The Spice Girls of India: Cooking School in Jodhpur

After reading about a famous spice shop in Jodhpur, we knew we wanted to swing by and maybe buy a few spices to ship home. After bypassing the many imitator shops, we finally found the right one, MV Spices. We were warmly greeted by Neelam, who offered us a delicious cup of masala chai tea and sat us down to show us the wide selection of spices and teas on offer. We knew that we couldn’t leave without the ingredients to make Indian masala chai tea – our favorite drink in India consisting of black tea, milk, and an array of delicious spices (trust us, the Starbucks version has nothing on the real thing).

Neelam was a wonderful host and, over tea, she began to tell us about the history of her shop.  Her father opened the shop twenty-five years ago to sell spices and spice blends in Jodhpur’s main market. We learned that what Westerner’s would likely call curry or masala are actually blends of many different spices. The shop aimed to educate tourists and offer them a chance to take home the tastes of India along with recipes and ways to take the Indian cuisine home with them. When the family patriarch suddenly passed away ten years ago, the business passed to his wife and seven daughters. Because they were women, they faced intense resistance from the male owners of other market stalls and even from male family members. To make matters worse, past employees took the family recipes and opened competing shops just steps from the original. Refusing to bow to such pressure and steadfast in their resolve to honor their husband and father’s legacy, the women persevered. After years of hard work and strength of character, the eight women kept their shop and opened several new locations. Still a family business, the mother and sisters share in the responsibilities of the running the network of shops across the city.

Lucky for us, they have even extended their offering to include cooking classes. They put together a special class for Cat and I on short notice and we were taught how to make aloo ghobi, vegetable biryani and fresh chapattis. It was a fun and delicious way to learn about another side of Indian culture. We also bought (too) many local spices and are excited to be able to bring a little bit of India home with us.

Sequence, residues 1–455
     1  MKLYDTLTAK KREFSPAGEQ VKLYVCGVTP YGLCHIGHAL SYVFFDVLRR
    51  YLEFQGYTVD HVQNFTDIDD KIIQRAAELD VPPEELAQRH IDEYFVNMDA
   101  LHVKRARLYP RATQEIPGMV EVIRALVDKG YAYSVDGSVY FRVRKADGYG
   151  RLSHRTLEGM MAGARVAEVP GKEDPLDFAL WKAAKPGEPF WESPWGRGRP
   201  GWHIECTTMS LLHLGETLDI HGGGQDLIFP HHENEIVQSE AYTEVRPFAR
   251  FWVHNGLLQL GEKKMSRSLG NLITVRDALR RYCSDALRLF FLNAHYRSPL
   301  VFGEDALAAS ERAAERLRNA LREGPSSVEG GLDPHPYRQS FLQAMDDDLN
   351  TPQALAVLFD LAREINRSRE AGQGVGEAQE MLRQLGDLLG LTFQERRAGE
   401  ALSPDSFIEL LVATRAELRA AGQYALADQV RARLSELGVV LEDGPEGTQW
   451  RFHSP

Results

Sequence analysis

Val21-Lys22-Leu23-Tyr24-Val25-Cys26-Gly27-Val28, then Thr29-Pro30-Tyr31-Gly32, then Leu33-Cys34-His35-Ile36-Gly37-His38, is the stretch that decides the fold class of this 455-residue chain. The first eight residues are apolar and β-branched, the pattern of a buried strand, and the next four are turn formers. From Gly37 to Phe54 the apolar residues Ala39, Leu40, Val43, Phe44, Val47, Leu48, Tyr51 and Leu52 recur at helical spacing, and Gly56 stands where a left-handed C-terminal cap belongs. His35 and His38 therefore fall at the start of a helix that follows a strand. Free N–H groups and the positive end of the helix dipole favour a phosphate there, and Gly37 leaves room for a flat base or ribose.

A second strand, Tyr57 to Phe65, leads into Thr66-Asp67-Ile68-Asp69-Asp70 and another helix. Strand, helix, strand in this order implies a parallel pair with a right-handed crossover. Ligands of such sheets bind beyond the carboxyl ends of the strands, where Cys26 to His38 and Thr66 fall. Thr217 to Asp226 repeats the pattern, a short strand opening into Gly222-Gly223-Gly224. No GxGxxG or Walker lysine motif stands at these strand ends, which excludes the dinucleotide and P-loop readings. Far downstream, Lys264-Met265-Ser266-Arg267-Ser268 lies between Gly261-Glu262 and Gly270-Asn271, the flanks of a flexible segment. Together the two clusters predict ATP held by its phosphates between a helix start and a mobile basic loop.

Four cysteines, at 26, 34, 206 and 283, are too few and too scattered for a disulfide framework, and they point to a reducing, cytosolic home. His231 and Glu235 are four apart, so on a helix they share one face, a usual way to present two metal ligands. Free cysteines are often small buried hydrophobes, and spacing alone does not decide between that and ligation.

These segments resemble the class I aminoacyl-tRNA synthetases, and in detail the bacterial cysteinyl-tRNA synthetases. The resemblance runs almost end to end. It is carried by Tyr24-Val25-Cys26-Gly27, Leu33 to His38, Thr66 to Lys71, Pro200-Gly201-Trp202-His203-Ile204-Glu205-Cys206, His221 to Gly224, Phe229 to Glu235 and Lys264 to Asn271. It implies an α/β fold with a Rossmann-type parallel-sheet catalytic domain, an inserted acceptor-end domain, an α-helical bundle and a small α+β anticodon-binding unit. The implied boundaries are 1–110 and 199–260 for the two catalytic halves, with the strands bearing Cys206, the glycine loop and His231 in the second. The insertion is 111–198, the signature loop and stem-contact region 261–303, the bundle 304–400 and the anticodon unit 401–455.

You can learn more about the story of the Spice Girls of India here:

http://timesofindia.indiatimes.com/city/jaipur/Celebrating-womanhood-through-spices/articleshow/31626987.cms

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Seafood: Gallipoli Raw Bar

Gallipoli is located on the Ionian Sea about an hour Southwest of Lecce.  The “old city” is located on a limestone island which is linked to the mainland by a 16th century bridge. The seafood on offer at the local fish market was swimming earlier that day and is as fresh as you can get.  As it was Cat’s birthday, we thought a new first was appropriate: she was about to visit a a raw bar for the first time and enjoy raw shrimp and clams, mussels and oysters on the half shell.  Saving the juiciest oyster until last, she survived with only a few funny faces made and the experience proved a delicious start to a wonderful evening.

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Our Attempt at Italian Cooking: Take #1

After our day spent learning to cook, we thought we’d try out our new skills in our own kitchen.  On the menu – grilled eggplant with extra virgin olive oil and orecchiette with pancetta, cabbage and freshly grated parmesan cheese. It wasn’t quite as good as the day before, but practice makes perfect and we had a great time nonetheless!

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Negroamaro Wine Festival

Together with the new friends we met during our cooking class, we wandered through the Negroamaro Wine Festival being held in the main Piazza of Lecce.  The festival was a celebration of the negroamaro grape which is native to Puglia and everything from whites to pinks to reds were on display with Italian sommeliers manning booths and telling you more about the wines on offer around the town.

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Coffee: Taza D’Oro

Italy is famous for its coffee and after a long day of exploring the city nothing is better than a coffee granita (homemade cream layered between frozen coffee) or an espresso from Taza D’Oro in Rome.  When you drink your coffee at the counter surrounded by bags of coffee beans and animated Italian baristas, you can forget for a moment that you are surrounded by other tourists visiting the Pantheon

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